Hey David, don’t be such a meany! With all due respect, I think
your view is just a little jaundiced. I can only speak for the
Australian apprentices who have entered and won in past years,
and they were all very nice human beings without a micron of
machine in their make-up.
Celeste Careedy, who won international silver a few years back
now has her own shop in a very posh part of Sydney, Australia,
and makes the most beautiful and unique precious jewellery.
Louise Dunning who won gold in Australia didn’t win in the
Montreal International, but she’s back in Australia bubbling over
with self confidence and genuine respect for those that did win.
Louise was one of my most original design students whose drawings
and jewellery were quite beautifully idiosyncratic. Not a hint
of a machine mentality in either of these two gifted young women.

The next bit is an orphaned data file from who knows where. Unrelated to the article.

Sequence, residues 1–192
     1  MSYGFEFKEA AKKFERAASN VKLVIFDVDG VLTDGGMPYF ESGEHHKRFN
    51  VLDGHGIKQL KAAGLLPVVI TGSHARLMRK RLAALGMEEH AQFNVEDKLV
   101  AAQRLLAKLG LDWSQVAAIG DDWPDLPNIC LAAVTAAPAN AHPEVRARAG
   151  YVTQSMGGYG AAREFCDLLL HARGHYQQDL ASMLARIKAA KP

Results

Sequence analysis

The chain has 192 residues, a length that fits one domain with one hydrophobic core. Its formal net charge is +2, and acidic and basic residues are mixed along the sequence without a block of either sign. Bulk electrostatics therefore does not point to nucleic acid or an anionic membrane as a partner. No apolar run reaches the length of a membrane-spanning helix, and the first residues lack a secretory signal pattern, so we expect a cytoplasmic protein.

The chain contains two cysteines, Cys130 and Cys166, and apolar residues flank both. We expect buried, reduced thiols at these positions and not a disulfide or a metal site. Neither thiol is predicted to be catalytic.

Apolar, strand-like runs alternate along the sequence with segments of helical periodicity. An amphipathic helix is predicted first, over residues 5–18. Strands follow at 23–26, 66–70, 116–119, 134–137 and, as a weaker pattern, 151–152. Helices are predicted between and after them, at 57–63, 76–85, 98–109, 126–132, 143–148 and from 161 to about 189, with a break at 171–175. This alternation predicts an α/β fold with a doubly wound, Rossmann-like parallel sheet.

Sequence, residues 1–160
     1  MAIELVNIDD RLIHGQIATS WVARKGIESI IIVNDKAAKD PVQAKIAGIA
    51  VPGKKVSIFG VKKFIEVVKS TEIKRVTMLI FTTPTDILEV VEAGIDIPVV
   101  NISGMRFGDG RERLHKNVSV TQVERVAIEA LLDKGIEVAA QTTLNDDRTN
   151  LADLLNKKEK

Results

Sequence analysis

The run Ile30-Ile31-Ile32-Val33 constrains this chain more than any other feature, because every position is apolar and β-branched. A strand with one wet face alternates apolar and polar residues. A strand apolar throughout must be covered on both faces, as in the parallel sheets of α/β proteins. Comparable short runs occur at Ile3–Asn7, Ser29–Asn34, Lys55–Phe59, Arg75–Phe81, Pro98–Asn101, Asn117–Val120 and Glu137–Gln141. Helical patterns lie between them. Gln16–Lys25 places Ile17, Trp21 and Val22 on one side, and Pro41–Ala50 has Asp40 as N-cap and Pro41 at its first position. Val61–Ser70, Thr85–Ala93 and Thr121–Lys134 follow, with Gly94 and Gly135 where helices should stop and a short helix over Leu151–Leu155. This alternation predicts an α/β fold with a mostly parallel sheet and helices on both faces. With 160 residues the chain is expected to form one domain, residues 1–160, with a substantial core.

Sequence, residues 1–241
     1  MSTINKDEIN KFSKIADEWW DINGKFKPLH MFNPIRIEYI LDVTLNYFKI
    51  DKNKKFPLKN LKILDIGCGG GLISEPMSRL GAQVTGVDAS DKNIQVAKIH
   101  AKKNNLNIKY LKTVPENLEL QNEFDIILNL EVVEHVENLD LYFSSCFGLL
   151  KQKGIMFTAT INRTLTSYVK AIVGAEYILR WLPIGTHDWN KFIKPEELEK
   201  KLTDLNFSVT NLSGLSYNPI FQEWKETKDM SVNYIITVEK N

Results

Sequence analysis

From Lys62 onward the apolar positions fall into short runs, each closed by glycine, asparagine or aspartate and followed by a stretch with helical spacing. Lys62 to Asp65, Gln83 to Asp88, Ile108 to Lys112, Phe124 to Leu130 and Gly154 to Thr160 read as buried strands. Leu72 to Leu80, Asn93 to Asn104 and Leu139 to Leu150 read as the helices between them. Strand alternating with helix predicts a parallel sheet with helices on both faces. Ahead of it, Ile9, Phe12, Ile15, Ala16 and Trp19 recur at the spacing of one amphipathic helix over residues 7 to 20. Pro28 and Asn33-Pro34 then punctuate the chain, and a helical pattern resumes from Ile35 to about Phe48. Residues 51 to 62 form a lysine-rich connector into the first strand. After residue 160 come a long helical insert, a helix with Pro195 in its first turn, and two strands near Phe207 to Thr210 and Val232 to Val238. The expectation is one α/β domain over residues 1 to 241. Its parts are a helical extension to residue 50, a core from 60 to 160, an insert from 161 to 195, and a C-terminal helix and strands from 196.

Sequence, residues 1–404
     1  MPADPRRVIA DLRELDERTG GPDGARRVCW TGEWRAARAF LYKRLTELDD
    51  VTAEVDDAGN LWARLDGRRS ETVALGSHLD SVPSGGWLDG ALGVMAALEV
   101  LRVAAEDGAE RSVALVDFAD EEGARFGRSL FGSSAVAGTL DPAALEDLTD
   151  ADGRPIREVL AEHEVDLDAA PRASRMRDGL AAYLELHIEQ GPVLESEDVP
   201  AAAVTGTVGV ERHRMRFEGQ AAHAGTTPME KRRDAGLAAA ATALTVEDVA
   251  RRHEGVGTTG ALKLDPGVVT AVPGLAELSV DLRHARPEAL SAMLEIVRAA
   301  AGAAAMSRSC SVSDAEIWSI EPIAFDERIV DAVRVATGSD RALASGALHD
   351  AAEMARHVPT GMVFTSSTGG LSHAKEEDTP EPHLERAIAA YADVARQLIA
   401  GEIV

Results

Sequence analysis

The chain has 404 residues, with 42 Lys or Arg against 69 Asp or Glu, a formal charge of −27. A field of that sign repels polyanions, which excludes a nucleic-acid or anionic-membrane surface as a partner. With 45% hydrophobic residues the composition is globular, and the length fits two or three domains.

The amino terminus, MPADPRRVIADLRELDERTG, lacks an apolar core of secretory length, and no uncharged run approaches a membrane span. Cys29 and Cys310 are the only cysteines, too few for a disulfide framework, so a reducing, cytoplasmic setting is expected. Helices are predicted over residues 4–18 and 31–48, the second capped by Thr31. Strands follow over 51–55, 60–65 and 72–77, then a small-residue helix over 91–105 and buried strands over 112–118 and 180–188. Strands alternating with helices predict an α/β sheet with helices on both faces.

What the Workskills challenge gave these two young women - and
their peers who competed with them in Australia - was a healthy
respect for sound technique as well as innovative design. It’s
not being “machine-like” to develop sound techniques upon which
to build and express one’s own personal vision.
Really, David, there are right ways and wrong ways of doing
things in every discipline, and the emphasis on working skills
(Workskills - get it?) is so that these young people can at least
get off to a reasonably efficient start in their working life.
I guess there will always be knockers and nay-sayers, but I know
power of good. If I hadn’t been so involved I guess its possible
that I may have been negative too. As it is I have to admit to a
little twinge of envy - I wish Workskills had been going forty
years ago when I was an apprentice jeweller.
Kind regards Dave,
Rex from Oz